A small town in New Jersey is in the national news after passing a law that cracks down on texting while walking. Fort Lee police officers are writing $85 tickets to people who are caught jaywalking while staring at their cell phones or iPods. Robert Rosenberger is an assistant professor in the School of Public Policy, and his research explores the habitual relationships people develop with everyday devices.
Cell phone text messaging is a prime example of a technology with which users develop deep relationships. Using everyday technologies like the phone becomes so normal, so automatic, that we learn to barely think about the devices themselves and instead focus on whatever we’re using them to do. For instance, when driving, a driver might think about the intention to turn left at the light ahead, not about how she or he will grip the wheel and turn it to the left. For the experienced driver, wheel turning and pedal pressing happens almost automatically. For those accustomed to texting, typing with thumbs comes as second nature, and reading the abbreviations and acronyms common to texts becomes as routine as reading regular written language. In contrast, those not as familiar with texting will also think about the interface with the phone itself—the buttons, the screen, the conventions of abbreviation—while they compose and read text messages.
These phenomena have practical consequences on the issue of texting-while-driving. The behavioral studies clearly show texting while behind the wheel to be associated with a dangerous level of driving impairment, and a majority of states in the US have responded with traffic regulations. Of course the main problems are the manual distraction of taking a hand off the wheel, and the visual distraction of looking away from the road. But there’s also the mental distraction of interacting with someone not there in the car. The actions of typing and reading and interacting with a person in another location—even when they can be performed adeptly—are all things that take up some of our attention, and thus pull a driver’s focus away from the road.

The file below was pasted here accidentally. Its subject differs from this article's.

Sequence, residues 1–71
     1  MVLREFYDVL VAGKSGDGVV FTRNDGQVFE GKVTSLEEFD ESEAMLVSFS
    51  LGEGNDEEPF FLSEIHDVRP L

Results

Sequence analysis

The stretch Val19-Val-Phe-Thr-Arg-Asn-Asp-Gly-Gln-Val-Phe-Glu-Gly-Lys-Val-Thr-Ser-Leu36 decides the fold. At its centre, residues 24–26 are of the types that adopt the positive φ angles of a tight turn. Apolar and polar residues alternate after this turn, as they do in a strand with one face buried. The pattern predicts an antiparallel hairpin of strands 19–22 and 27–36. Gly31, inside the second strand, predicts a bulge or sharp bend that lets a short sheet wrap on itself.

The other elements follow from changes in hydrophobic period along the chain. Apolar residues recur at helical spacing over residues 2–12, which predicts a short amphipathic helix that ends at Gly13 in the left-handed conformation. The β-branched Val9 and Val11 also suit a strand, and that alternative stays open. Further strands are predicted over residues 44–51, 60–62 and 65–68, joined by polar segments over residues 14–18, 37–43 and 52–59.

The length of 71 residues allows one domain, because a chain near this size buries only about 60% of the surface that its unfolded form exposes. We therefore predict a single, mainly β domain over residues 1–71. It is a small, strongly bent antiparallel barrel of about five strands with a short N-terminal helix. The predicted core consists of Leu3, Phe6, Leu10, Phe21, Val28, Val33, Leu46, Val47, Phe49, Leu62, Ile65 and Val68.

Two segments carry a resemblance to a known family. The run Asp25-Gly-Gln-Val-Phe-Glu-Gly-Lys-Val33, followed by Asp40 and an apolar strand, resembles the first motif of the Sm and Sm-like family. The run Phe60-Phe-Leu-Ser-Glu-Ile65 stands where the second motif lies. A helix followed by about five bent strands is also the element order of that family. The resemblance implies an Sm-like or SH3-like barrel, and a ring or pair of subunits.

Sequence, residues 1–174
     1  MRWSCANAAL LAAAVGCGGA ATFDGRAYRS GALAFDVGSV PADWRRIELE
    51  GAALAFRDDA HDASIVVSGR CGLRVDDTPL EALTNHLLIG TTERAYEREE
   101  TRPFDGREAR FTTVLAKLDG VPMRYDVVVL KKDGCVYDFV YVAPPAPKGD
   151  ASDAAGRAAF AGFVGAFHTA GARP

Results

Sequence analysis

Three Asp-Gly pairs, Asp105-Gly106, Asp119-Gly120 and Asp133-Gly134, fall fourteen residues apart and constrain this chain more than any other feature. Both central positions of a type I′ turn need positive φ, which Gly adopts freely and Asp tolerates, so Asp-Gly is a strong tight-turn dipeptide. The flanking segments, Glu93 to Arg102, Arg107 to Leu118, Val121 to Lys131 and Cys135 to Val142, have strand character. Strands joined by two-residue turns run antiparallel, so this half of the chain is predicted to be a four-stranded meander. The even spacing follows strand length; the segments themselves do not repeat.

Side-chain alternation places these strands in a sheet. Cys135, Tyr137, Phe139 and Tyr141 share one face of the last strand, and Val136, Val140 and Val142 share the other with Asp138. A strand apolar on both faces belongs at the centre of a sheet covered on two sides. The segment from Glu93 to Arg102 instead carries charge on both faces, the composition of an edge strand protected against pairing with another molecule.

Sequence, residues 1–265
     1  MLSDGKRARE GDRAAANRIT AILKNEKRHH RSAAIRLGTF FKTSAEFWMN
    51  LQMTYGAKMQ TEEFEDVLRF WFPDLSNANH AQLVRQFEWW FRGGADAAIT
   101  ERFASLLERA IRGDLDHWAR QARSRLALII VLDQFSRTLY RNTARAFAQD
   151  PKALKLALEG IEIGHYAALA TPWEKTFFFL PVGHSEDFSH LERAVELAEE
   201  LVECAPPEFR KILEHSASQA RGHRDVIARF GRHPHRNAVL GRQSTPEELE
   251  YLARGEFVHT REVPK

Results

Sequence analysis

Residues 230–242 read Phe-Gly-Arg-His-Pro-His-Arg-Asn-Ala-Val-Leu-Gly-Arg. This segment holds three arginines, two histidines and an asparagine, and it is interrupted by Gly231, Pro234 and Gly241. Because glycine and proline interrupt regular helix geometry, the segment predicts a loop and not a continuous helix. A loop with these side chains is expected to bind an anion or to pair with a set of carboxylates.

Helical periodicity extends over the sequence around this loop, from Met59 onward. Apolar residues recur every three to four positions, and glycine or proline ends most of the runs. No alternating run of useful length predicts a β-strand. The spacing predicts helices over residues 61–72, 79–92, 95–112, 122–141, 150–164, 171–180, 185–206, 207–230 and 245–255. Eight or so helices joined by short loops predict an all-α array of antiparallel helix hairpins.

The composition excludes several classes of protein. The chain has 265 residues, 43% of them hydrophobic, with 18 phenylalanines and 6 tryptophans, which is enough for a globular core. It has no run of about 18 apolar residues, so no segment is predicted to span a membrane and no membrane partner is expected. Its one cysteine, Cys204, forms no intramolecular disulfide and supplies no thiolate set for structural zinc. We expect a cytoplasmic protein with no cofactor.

While a majority of states have banned texting while driving, only a handful have laws in place that require drivers to use hands-free devices while making a phone call. However, Rosenberger says taht doesn't go far enough these days. Click here for more.
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